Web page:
According to the Bengals shuttle that docks with the Mothership (ala, Bengals twitter feed), the Bengals have hired two physicians. Dr. Marc T. Galloway and Dr. Kevin E. Reilly will replace Dr. Rob Heidt, Jr. and Angelo Colosimo, who retired earlier this month, citing that juggling team interest against the demands of agents on their agents "has gotten tedious."
While we're not going to make the direction connection because we simply don't know, the Bengals medical staff has been under fire more times than the last three United States Presidents... combined. The issues go back over a decade, to an NFL Players Association survey in 2000 which rated the Bengals medical staff as the worst in the NFL.
It was roughly seven months ago that the medical staff was, unfortunately, headlined, thanks to the team signing Antonio Bryant. After passing a physical he should have never passed, Bryant was forced to continue recovering a knee injury suffered in 2009 with the Tampa Bay Buccaneers.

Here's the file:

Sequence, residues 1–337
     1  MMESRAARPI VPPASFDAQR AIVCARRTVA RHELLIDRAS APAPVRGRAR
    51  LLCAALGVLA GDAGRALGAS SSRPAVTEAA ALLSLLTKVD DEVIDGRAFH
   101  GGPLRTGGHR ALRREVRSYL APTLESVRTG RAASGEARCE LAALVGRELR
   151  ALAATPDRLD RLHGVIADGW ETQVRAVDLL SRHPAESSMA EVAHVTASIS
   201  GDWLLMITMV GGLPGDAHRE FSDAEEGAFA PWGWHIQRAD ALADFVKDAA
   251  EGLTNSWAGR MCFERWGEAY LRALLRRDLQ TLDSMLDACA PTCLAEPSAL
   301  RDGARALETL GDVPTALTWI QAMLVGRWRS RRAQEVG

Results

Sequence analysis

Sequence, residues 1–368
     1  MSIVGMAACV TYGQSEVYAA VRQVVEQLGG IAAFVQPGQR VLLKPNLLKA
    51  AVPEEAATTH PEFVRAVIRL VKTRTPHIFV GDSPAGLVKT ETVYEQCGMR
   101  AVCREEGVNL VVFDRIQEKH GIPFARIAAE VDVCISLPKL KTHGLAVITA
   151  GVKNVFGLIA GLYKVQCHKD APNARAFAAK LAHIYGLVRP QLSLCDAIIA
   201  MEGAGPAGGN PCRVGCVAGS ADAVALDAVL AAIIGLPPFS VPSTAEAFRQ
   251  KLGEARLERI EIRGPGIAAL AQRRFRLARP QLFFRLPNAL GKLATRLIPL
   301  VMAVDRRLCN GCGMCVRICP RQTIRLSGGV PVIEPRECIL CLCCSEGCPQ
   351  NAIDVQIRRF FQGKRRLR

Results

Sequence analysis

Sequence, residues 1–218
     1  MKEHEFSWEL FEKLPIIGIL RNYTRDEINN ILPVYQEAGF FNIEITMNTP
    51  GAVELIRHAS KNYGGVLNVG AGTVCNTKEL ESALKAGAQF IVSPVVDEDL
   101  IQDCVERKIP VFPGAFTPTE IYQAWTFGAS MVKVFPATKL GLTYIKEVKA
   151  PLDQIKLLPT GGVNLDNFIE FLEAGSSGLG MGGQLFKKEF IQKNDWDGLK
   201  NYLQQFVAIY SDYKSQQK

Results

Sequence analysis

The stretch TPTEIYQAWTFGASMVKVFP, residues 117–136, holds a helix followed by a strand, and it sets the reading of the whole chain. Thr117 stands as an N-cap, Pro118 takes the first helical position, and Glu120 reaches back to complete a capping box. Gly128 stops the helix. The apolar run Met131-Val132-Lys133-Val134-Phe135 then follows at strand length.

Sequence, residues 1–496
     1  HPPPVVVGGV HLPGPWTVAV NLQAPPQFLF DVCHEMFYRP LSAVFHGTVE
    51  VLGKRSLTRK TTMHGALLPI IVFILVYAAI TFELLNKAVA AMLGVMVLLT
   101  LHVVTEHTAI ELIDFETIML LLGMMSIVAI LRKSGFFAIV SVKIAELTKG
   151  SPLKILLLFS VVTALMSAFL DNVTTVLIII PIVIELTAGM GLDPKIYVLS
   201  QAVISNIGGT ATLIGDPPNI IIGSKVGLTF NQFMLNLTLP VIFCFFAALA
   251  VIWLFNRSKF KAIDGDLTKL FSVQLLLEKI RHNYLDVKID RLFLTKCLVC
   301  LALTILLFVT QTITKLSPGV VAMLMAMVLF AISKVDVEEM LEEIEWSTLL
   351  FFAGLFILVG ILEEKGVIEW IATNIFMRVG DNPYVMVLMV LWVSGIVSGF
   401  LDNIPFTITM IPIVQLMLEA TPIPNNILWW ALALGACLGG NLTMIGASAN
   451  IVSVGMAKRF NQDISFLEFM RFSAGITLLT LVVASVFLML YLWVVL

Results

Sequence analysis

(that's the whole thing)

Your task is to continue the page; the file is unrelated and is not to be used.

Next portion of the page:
Though missing a major knee issue during a physical is bad enough, the Bengals tried putting Bryant on the practice field during the first session of training camp. Rather than having the luxury of Bryant being a roster exemption through the first six games of the regular season, the practice disqualified the wide receiver from being placed on the Players Unable to Perform list.
The team had to make a decision on Bryant. Let him use a roster spot until he was ready to play or place him on Injured Reserve. Or neither. They released him, signed Terrell Owens who, at one point towards the end of the season, was rumored to have a bad attitude during games and practices that the team nearly benched him. He missed the last three games anyway due to an injury.
The continuing issues with the Bengals medical staff was catalogued in a post headlined - Advice To Bengals Players: Don't Become The Next Misdiagnosis From The Bengals Medical Staff.